To Raise Funds for Transit, Denver Can Follow the Lead of Seattle and LA
At a Rail~Volution panel, the people who helped pass a transportation funding measure explained how they got it done.
The Hancock administration is working on big plans to expand and improve the city’s bus and train network with its Denveright planning initiative. One of the key questions going forward is how to pay for these upgrades. RTD, the region’s transit provider, doesn’t have the resources on its own to provide all the transit service that Colorado’s densest population center needs.
Denver’s November bond measure won’t be enough either. It will generate $431 million for streets and transportation, which will be a boon for sidewalks, bike lanes, and the East Colfax bus rapid transit project, but pales in comparison to the resources other cities are generating.
A ballot measure enacted by voters in metro Seattle last November will raise $54 billion for transit and complementary walking and biking connections. In Los Angeles, 71 percent of voters approved Measure M, which will generate at least $120 billion for transportation.
Denver could learn a thing or two from the campaigns to overhaul the transportation systems in these cities. Fortunately, leaders from both cities are in town this week for Rail~Volution, a national conference about all things transit. Streetsblog heard directly from the people who helped pass those ballot measures in LA and Seattle — here’s a digest.
Denver needs a political champion
The first thing you need is a leader dedicated to getting the job done in the face of inevitable push-back, said Phil Washington, CEO of the Los Angeles County Metropolitan Transportation Authority. (Washington formerly helmed RTD and oversaw the implementation of Denver’s FasTracks program.)
“Everyone knows you need a political champion when trying to do something like this,” Washington said. “Mayor [Eric] Garcetti was that political champion.”
A transit ballot measure would also need the support of Denver community leaders. An earlier ballot measure in LA, Measure J, failed, Washington said, in part because proponents didn’t have important constituencies on board. Neither black churches nor the Sierra Club supported Measure J.
“I made a point to go out and reach out to minority communities — specifically the African American clergy community in south LA,” Washington said. “We actually asked and convinced the African American clergy in support of Measure M.”
The Sierra Club also came around on Measure M because unlike Measure J, which included a lot of funds for roads, it focused heavily on transit.
Good transit is a “must-have” not a “nice-to-have”
People who don’t ride transit don’t always grasp how essential it is. They see it as an amenity for a few, not a cornerstone of economic prosperity, opportunity, and fairness that benefits the whole city. If that’s how most voters view transit, a big ballot measure will be in trouble.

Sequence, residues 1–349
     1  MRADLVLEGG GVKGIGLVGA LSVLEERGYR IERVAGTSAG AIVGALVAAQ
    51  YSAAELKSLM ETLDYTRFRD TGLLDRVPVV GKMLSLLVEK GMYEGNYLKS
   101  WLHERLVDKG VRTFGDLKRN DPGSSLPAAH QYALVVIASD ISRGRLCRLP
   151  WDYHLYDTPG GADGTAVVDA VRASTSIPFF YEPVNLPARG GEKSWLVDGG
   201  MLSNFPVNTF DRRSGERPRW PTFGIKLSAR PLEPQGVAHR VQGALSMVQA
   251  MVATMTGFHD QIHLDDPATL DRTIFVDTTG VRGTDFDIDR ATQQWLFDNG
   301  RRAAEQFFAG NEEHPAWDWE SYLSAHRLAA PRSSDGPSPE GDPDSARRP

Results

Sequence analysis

“One of the common pieces of push-back we got is that transit is a shiny nice-to-have, not a must-have,” said Abigail Doerr, who helped get the Seattle region’s tax passed as advocacy director for Transportation Choices Coalition. “We had to make sure that we were making the case that this wasn’t a nice-to-have but a must-have for our region to prosper and move forward.”
In a city like Denver, there simply isn’t enough space for bigger roads. We need to make more efficient use of the street space we have — and that means moving people with transit, not cars. Even Denverites who never ride transit will benefit from the continued growth that good transit will make possible for years to come.
“We talked a lot about this idea of leaving an infrastructure inheritance for our children like the infrastructure our forefathers left us,” Washington said. “And that actually resonated.”
Be honest about congestion
Transit does not eliminate congestion. But frequent buses and trains with dedicated right-of-way give people options to bypass it.
“‘Removing traffic’ was not something that we could say,” said Jessica Duboff, who helped run LA’s campaign with the Center for Business Advocacy. “It actually isn’t true. What we were doing — building light rail — won’t reduce the amount of cars on the road. As our region grows, it’s not going to get less congested. So we were very disciplined about saying this is a reliable option to get out of traffic and get to where you need to go. It’s a small distinction but a really important one.”
Denver’s traffic isn’t even that bad compared to other cities, despite the hyperbole you may have heard. The question is whether the city will invest in solutions before it gets much worse.
“If you don’t like what congestion you’ve been facing the last five years, you really need to think about where it’s heading, and get ahead of it to the extend that you can,” said Peter Rogoff, CEO of Sound Transit in the Seattle region. “And that’s what really expected our board of directors to go big. The core catalyst in our region, I believe, was the fact that congestion had worsened to a community that was not accustomed to it.”